MINNEAPOLIS — Target changed its app Wednesday night after a KARE 11 investigation found certain prices on the app switched when customers entered the parking lot of Target stores.
An updated version of the retailer’s app now clearly says either “online” or “in-store” next to the price of every product on the app.
"We appreciate the feedback we recently received on our approach to pricing within the Target app," said a Target spokesperson in an emailed statement to KARE 11. "We’ve made a number of changes within our app to make it easier to understand pricing and our price match policy."
Our two-month investigation began with a concern from a viewer who bought an electric razor for $99.99 in a Target store but found the same product switched on the app to $69.99 once she returned to her car.
To test this further, we selected 10 products on the Target app at random, ranging from toys to bottled water to vacuum cleaners. When we entered the store, four of the 10 products jumped up in price on the app.
An Apple Watch band went up $2, a Shark vacuum went up $40, a Graco child car seat jumped $72 and a Dyson vacuum shot up $148 on the app while inside the store.
Our list of 10 items was a total of $262 cheaper in the back of the parking lot on the app with no indication that the prices had changed.
Target maintained its app reflected “in-store prices while in store and online prices while on the go.”
University of Minnesota Carlson School of Management marketing professor George John believes there's a little more going on than that.
“The most reasonable explanation is that you just revealed your commitment to buying the product, you're in the store, or in the parking lot,” said John. “If you are further away, you haven't quite committed, so I'm going to give you a juicier deal. That's why the price went up when you got closer to the store.”
How does Target know when you are near the store?
When you download the Target app, it asks you if it can access your location. Enabling this allows you to see stores near you, and when you are inside a store it will show you where to go for specific items and deals. This function also appears to trigger price changes as you approach the store.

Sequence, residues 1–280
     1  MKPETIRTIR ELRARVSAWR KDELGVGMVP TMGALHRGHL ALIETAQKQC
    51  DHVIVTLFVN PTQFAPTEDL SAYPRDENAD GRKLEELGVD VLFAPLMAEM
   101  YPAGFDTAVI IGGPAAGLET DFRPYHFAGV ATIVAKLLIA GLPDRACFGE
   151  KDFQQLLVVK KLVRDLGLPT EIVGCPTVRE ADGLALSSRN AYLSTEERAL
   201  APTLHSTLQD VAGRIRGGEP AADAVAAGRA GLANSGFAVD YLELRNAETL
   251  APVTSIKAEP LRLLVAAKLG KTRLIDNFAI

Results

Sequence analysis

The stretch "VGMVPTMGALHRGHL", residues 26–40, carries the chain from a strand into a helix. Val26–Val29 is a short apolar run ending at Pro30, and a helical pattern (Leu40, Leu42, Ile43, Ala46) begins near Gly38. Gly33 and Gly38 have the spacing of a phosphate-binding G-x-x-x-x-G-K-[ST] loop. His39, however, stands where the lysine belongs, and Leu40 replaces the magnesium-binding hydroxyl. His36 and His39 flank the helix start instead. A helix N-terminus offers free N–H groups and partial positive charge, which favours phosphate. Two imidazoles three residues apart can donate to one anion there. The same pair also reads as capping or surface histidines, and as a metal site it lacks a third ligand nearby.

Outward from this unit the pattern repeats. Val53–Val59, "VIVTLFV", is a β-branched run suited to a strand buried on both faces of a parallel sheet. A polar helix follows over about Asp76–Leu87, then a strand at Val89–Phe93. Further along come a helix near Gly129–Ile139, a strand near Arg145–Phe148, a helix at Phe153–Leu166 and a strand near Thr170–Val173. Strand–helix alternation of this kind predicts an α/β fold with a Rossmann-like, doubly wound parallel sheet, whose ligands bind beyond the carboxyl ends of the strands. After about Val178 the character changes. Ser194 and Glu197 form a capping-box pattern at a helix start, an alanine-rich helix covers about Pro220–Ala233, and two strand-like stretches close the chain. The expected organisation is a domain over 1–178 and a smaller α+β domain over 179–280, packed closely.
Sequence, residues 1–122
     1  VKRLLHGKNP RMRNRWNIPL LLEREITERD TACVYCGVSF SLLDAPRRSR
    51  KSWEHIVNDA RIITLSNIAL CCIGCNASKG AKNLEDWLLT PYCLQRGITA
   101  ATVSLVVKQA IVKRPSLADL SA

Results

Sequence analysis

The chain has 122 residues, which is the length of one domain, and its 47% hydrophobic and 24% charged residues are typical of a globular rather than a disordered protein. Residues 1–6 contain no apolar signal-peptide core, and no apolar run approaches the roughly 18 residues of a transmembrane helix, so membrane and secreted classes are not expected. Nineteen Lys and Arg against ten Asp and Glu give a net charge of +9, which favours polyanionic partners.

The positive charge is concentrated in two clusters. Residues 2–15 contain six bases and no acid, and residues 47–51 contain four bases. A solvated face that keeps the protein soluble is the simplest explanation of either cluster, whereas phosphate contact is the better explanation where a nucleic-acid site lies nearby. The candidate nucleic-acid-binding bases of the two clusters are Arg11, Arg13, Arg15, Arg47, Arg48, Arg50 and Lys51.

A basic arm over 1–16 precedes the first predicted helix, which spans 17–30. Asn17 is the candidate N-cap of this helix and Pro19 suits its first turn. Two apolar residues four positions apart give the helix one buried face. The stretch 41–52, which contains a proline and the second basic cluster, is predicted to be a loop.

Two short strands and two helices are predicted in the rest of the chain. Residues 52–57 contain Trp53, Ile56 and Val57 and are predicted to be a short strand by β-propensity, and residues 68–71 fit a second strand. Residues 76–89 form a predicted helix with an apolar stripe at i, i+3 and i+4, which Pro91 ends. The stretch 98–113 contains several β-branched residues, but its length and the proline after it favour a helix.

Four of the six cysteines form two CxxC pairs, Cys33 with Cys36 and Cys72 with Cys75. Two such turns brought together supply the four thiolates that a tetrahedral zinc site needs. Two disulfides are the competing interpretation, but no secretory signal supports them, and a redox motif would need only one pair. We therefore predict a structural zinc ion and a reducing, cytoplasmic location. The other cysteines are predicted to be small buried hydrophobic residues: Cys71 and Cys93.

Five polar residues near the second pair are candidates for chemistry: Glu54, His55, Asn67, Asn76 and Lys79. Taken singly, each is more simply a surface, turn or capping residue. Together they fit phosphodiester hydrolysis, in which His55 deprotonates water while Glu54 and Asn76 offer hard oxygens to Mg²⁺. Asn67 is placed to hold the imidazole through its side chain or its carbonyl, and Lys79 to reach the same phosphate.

After the original story aired, comments poured in.
Jared Horn said on Facebook, “Target needs to fix this immediately. Perception is reality.”
Some viewers shared similar experiences and confusion with the Target app.
“This just happened to me this week!” said Alicia Filipi Gagner on Facebook. “I refused to pay more in store when I knew it was cheaper online. So I left, ordered the item for pickup, and got it 30 mins later for 15% cheaper and I didn’t even have to get out of the car.”
Target said its updated app will still change certain prices when a customer walks into a store, even if they are now clearly labeled.
One way to always see online prices—regardless of your geolocation—is by turning off the app’s access to your location.
On the iPhone: In the app, click on your name icon in the bottom right of the screen and scroll down to “app settings.” Click “Location” and switch it to “Never.”
On the Android: Go to apps on your phone and scroll down to Target. Click that and go to permissions and turn off location.
KARE 11 performed the same app tests at Macy’s, Best Buy and Walmart.
All of these retailers’ apps ask permission to know your location, but our results show none of them alter prices on the app when you walk inside the store.
In a statement, a Best Buy spokesperson said, “We actually have price parity between BestBuy.com and stores, except in a very small number of promotions over the course of the year. If there is a difference, we match BestBuy.com prices on in-store purchases and in-store prices on BestBuy.com purchases as part of our Price Match Guarantee.”
Best Buy’s app goes into “store mode” when you enter the store, offering certain features around the inventory, but the spokesperson said the app does not switch prices by geolocation.
We did not receive comments from Macy’s or Walmart.